Since Facebook changed the way users interact with fan pages back in November, it is possible for fans and non-fans alike to post on your wall, comment on, and share your content. What this means it that now, not only is it important to acquire fans via “likes,” is is also important to create content that non-fans want to share.
A Fan Base Can Grow Your Brand (aka business):
50% of small business owners reported gaining new customers through social media – most notably through Facebook and LinkedIn. *(Neilsen)
51% of Facebook users and 64% of Twitter users are more likely to buy from the brands they follow. *(Mediabistro)
Even if you have 500+ fans, it only takes 20 people to create meaningful many-to-many interactions and bring an online community to a significant level of activity.*(Ning)
The top seven post types that foster engagement:
1. Use images in your posts.
2. Keep it short and sweet as much as you can.
3. Keep the “I” to a minimum.
4. Include a call to action.
5. Give timely information that includes tips and links to useful resources.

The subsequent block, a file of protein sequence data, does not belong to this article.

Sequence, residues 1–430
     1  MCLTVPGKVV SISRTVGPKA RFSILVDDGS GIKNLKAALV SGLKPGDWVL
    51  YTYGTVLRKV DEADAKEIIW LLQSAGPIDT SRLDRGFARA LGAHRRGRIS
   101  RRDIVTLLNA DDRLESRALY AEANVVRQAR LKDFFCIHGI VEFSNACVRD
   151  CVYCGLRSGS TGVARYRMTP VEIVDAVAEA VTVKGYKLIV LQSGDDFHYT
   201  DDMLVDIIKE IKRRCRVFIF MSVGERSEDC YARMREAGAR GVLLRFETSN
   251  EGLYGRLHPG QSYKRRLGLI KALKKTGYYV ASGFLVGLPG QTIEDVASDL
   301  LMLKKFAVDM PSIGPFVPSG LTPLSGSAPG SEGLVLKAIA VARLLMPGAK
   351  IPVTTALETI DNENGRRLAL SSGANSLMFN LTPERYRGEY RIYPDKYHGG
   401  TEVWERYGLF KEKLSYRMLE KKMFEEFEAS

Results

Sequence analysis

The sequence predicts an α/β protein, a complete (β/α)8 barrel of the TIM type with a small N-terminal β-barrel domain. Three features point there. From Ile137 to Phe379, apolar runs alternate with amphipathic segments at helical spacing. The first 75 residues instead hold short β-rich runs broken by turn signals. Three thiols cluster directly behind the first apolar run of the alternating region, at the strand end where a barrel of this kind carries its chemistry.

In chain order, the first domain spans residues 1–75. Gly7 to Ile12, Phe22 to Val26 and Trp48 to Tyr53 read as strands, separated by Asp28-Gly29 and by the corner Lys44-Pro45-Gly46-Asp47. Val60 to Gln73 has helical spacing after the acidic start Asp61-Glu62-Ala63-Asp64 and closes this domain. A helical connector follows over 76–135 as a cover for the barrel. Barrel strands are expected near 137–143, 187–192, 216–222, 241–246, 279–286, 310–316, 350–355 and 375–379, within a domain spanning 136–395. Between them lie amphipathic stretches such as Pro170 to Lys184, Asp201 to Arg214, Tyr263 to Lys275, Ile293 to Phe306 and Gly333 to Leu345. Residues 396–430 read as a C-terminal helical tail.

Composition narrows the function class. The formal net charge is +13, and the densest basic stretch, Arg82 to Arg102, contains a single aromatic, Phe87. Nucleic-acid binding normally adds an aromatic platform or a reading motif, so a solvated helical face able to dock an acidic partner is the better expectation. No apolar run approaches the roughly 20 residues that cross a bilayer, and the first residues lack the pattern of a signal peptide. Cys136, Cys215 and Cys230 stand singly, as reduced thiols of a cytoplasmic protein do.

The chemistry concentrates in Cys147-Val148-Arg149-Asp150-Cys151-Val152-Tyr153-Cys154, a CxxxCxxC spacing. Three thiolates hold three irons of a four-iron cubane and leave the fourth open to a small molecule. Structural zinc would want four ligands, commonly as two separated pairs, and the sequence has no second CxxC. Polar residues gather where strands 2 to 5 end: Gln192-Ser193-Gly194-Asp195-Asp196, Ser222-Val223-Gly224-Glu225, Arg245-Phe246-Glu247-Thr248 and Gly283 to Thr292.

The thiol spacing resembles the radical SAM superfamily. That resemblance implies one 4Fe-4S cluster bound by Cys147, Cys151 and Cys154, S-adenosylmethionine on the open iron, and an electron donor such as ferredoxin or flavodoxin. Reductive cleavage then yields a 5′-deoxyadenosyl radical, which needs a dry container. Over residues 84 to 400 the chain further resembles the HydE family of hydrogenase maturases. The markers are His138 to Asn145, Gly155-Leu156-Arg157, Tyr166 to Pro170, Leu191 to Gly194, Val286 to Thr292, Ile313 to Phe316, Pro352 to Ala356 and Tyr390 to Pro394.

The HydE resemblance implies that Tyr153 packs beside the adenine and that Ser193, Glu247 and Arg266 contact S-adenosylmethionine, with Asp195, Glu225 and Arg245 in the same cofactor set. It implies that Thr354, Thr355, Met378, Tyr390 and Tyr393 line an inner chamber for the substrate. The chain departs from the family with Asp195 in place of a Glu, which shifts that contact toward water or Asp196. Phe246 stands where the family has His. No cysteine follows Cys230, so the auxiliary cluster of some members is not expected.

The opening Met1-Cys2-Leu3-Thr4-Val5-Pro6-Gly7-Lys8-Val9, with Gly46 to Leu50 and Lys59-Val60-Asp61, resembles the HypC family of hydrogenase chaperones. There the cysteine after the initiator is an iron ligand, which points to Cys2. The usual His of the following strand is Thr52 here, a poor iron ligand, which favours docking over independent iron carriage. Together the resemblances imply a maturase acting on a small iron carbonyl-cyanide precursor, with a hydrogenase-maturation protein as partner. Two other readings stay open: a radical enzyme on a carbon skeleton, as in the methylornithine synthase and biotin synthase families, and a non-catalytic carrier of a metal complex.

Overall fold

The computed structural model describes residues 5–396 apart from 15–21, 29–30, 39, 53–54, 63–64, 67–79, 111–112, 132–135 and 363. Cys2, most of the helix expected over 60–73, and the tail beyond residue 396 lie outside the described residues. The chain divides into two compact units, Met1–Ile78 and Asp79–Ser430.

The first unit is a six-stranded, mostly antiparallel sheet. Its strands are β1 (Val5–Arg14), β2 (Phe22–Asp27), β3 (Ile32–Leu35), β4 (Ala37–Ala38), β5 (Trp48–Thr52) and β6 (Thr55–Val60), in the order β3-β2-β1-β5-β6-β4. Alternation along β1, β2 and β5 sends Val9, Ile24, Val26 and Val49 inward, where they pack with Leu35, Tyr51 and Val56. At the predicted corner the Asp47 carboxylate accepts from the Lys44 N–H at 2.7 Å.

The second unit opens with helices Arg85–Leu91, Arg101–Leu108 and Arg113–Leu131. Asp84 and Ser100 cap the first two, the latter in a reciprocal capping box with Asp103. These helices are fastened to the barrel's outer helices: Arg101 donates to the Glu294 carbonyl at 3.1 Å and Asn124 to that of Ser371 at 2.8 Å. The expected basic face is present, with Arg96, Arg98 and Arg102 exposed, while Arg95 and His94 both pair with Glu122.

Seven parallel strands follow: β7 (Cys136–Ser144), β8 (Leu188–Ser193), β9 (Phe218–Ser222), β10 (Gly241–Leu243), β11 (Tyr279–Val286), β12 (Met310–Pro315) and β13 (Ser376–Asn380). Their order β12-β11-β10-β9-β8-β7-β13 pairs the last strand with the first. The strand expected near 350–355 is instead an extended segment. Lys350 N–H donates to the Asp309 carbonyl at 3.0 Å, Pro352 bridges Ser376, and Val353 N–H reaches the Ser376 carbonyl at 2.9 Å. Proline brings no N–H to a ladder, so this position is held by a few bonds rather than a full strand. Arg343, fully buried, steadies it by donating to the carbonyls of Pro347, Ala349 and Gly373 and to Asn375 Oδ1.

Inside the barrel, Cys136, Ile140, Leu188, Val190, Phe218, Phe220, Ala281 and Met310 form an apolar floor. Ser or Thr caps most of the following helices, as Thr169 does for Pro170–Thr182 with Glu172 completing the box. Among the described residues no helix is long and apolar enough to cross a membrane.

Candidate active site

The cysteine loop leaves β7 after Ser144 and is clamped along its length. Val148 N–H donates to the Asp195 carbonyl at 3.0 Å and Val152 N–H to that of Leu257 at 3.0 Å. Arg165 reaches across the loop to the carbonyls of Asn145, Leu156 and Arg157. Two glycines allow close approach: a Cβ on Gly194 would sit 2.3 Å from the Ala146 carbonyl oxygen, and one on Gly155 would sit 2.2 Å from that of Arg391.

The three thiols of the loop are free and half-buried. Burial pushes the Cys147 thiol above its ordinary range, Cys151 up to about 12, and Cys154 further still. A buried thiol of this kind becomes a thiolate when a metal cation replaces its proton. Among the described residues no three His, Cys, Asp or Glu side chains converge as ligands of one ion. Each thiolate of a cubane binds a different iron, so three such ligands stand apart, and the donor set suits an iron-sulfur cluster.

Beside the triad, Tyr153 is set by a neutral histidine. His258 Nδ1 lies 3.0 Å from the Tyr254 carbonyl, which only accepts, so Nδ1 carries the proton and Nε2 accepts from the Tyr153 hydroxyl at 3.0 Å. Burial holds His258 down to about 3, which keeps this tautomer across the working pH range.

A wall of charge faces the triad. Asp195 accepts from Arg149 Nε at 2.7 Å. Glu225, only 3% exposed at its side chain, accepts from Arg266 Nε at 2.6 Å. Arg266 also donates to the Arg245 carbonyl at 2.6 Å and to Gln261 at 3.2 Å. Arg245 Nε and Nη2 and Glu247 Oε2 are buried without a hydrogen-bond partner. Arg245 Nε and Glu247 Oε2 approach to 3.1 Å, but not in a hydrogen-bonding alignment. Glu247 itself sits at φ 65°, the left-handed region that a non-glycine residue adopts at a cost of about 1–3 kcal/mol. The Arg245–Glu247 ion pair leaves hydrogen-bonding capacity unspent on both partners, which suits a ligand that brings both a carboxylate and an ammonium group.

6. Share a great cause that you believe in and want to support.
7. Share video. (Make sure it’s useful, or humorous or uplifting content).
And the final, and essential element, check your page regularly, and make sure you respond to comments. If your fans have taken the time to read and respond to your posts, then they deserve a response from you. If fans feel that you care enough to respond, they will feel their time has been well-spent.
Measuring Your Success
Find out how you’re doing. Study Your Statistics and Results using Facebook’s built-in “Insights” data.
Facebook offers some really great analytics for pages. Pay attention to them. If you see a big surge in fans (or a drop off), look at what you’ve posted recently and see if you can figure out any trends. Then post more of that kind of content (or less, in the event that you’re losing fans, or the engagement just isn’t there).